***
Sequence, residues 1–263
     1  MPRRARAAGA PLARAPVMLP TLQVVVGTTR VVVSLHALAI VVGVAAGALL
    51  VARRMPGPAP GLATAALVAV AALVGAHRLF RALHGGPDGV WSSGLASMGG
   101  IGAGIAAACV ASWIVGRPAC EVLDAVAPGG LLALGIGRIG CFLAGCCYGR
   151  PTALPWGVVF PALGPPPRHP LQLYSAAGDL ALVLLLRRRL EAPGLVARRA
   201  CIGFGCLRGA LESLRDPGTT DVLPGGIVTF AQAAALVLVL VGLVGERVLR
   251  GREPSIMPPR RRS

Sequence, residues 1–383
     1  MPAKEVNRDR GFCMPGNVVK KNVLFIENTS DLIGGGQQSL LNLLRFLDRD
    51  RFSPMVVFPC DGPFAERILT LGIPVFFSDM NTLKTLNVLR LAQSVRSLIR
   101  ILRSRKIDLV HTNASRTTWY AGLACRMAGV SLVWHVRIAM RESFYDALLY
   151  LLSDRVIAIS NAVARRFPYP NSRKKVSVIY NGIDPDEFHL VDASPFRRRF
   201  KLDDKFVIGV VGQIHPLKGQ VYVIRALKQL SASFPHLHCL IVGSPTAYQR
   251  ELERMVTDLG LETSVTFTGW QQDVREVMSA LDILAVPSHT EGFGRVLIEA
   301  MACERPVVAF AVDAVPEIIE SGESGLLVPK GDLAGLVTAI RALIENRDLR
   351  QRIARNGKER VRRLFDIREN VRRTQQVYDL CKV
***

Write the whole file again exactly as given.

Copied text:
Sequence, residues 1–263
     1  MPRRARAAGA PLARAPVMLP TLQVVVGTTR VVVSLHALAI VVGVAAGALL
    51  VARRMPGPAP GLATAALVAV AALVGAHRLF RALHGGPDGV WSSGLASMGG
   101  IGAGIAAACV ASWIVGRPAC EVLDAVAPGG LLALGIGRIG CFLAGCCYGR
   151  PTALPWGVVF PALGPPPRHP LQLYSAAGDL ALVLLLRRRL EAPGLVARRA
   201  CIGFGCLRGA LESLRDPGTT DVLPGGIVTF AQAAALVLVL VGLVGERVLR
   251  GREPSIMPPR RRS

Sequence, residues 1–383
     1  MPAKEVNRDR GFCMPGNVVK KNVLFIENTS DLIGGGQQSL LNLLRFLDRD
    51  RFSPMVVFPC DGPFAERILT LGIPVFFSDM NTLKTLNVLR LAQSVRSLIR
   101  ILRSRKIDLV HTNASRTTWY AGLACRMAGV SLVWHVRIAM RESFYDALLY
   151  LLSDRVIAIS NAVARRFPYP NSRKKVSVIY NGIDPDEFHL VDASPFRRRF
   201  KLDDKFVIGV VGQIHPLKGQ VYVIRALKQL SASFPHLHCL IVGSPTAYQR
   251  ELERMVTDLG LETSVTFTGW QQDVREVMSA LDILAVPSHT EGFGRVLIEA
   301  MACERPVVAF AVDAVPEIIE SGESGLLVPK GDLAGLVTAI RALIENRDLR
   351  QRIARNGKER VRRLFDIREN VRRTQQVYDL CKV